Welcome to the state budget shell game

By The Courier-Gazette Editorial Board | Jan 17, 2013
Source: File Photo DOWN AT THE CORNER — Pedestrians stroll past the drug store at the corner of Main and Oak Streets in Rockland.

Gov. Paul LePage's proposed state budget does not simply cut spending or taxes.

Instead, it takes budget problems in Augusta and drives them down the road to Rockland, stopping on the way to sprinkle budget problems on every community between here and there.

Municipal and school officials across the state are slinging the figures around like arrows as the budget battle begins.

"The biggest injury to the towns and cities is the governor's proposal to completely eliminate the distribution of municipal revenue sharing beginning in July 2013," the Maine Municipal Association notes in a Jan. 14 memo. "That proposal would discontinue the distribution of $283 million in property tax relief funds over the next two-year period."

This is a big hit. No matter how disinterested in politics you are, the time to sit up, pay attention, start a protest march, letter campaign or at least make some phone calls has arrived.

The state collects sales taxes in your town and then gives some of that money back to the town, hence the term "revenue sharing." For a while now, state government has been raiding revenue sharing to cover its shortfalls, but this is really money that belongs to our communities.

The idea behind revenue sharing is to reduce the amount paid in property taxes, which are not based on our ability to pay but the value of our property. They are often described as "regressive taxes."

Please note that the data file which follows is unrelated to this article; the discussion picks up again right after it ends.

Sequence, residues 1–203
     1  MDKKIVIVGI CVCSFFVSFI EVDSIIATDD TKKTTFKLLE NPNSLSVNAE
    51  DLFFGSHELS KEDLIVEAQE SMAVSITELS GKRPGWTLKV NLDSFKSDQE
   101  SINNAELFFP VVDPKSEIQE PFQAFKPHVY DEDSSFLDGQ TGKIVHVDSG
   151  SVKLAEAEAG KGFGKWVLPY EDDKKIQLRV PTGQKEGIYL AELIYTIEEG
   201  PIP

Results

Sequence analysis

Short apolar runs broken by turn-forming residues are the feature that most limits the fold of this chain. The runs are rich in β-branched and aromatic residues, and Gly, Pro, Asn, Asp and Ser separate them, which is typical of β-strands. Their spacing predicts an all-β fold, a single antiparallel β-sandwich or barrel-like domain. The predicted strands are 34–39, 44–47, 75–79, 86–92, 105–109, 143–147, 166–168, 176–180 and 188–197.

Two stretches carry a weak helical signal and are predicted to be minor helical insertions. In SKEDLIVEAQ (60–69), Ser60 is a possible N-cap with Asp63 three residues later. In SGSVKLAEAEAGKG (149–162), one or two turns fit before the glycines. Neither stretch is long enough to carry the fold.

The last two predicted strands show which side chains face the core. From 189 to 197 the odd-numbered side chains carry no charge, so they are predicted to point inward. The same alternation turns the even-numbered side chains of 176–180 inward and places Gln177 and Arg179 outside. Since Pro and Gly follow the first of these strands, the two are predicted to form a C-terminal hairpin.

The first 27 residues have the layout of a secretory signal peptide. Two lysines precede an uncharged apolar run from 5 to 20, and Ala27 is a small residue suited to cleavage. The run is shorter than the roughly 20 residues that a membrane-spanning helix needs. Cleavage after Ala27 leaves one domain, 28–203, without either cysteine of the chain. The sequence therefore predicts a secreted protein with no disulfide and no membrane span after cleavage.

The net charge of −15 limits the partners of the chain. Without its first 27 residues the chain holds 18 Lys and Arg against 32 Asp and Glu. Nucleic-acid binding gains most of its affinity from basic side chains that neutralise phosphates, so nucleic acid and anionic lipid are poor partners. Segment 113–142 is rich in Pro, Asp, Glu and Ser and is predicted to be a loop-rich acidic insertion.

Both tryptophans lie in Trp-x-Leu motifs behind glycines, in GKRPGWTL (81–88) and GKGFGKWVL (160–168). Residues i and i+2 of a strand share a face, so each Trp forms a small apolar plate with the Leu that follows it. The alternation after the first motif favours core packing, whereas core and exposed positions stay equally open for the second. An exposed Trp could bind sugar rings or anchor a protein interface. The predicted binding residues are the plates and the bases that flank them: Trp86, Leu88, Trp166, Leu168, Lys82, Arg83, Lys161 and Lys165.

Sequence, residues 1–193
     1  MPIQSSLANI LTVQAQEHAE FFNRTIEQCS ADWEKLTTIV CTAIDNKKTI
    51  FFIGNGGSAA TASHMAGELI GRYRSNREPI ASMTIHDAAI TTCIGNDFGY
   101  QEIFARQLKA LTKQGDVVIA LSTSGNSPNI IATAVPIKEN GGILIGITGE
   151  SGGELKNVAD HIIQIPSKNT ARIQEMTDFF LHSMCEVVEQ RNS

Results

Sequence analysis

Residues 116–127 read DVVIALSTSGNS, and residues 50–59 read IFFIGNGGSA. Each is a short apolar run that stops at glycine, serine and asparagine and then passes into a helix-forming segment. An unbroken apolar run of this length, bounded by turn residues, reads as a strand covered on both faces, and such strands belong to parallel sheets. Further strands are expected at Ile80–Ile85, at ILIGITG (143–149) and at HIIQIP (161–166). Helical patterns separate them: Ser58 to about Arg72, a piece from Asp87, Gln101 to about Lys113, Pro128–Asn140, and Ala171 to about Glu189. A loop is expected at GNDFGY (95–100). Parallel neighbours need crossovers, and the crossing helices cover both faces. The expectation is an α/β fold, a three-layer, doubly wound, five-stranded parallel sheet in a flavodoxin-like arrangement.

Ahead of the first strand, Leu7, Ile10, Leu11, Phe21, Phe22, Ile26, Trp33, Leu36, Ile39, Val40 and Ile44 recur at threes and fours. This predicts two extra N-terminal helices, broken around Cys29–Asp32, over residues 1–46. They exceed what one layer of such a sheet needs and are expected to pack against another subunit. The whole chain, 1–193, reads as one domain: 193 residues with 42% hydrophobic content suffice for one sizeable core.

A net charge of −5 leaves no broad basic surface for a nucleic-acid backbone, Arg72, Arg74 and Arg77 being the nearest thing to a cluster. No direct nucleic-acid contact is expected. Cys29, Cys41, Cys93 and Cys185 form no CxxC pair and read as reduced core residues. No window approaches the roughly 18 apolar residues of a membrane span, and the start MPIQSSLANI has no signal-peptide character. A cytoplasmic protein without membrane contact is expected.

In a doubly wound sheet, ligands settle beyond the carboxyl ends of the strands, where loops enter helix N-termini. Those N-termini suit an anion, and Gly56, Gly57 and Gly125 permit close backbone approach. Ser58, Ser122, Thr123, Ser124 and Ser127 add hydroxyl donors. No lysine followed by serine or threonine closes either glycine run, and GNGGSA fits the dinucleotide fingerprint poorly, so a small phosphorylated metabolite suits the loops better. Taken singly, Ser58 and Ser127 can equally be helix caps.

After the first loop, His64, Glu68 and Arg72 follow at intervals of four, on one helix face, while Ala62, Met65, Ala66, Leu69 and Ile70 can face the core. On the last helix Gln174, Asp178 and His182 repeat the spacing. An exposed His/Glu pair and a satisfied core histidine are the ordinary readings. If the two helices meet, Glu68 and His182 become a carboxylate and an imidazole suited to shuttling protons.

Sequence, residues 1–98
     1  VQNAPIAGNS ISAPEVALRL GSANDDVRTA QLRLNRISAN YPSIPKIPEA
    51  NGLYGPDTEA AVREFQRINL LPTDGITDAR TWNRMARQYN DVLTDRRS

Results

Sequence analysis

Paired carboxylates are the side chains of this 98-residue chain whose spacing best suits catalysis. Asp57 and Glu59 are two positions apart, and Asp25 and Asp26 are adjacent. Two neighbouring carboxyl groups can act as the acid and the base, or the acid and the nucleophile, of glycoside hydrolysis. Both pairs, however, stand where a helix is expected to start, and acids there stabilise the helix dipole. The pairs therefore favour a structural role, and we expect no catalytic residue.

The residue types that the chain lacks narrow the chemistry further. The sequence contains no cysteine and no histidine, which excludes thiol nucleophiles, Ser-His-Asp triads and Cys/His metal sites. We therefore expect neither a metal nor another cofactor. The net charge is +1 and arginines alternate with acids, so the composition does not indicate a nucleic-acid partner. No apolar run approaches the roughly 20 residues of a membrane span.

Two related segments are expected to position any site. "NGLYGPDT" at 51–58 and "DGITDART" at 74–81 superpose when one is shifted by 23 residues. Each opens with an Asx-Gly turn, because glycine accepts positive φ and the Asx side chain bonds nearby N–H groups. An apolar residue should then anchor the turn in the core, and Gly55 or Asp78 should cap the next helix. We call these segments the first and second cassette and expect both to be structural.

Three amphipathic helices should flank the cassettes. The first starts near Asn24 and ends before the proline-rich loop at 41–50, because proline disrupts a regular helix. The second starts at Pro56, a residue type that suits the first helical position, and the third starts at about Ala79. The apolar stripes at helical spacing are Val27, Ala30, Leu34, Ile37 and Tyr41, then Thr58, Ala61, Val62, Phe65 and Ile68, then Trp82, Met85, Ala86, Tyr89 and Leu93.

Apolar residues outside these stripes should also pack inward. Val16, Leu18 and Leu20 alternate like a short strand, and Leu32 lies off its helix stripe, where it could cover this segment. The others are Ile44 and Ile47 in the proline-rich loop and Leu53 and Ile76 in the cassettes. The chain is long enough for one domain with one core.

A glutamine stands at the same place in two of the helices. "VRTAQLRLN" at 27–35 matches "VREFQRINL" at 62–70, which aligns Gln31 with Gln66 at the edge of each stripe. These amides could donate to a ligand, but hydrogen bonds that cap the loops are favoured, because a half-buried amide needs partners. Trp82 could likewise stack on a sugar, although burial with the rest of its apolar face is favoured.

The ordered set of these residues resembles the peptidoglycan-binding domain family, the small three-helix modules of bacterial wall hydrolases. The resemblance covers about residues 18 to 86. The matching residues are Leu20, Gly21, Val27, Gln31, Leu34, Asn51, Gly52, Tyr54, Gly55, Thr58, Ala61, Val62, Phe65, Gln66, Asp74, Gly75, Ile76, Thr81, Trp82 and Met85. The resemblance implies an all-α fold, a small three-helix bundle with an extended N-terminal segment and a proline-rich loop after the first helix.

City Manager James Smith said in a memo Jan. 15 that coupled with the governor's other cuts to the homestead exemption, commercial vehicle excise taxes and school funding, this could would result in a home valued at $150,000 seeing a $532.74 tax increase. In one year!

The governor has proposed flat funding for schools. The homestead exemption subtracts $10,000 from the assessed value of a primary home in Maine to save home owners money. The idea is to help the working and/or middle class who are not merely buying up properties to increase their wealth. LePage has targeted that except for some funding for those 65 and older.

A number of other revenues are also targeted.

"The governor's proposal delivers a double whammy to all property taxpayers in this state by first jacking up the property tax rate in a variety of ways and then eviscerating the programs that are designed to help people who are having trouble paying their property taxes," the Maine Municipal Association states in its memo.

There would be no way to avoid the tax increase in our community. We would have to eliminate multiple departments in Rockland city government — things like the library — to make up for the lost revenue, Smith said.

"It is not fair to ask property owners to foot the whole bill for the state," said Elizabeth Dickerson of Rockland, who serves as both a city councilor and the District 47 representative in the House.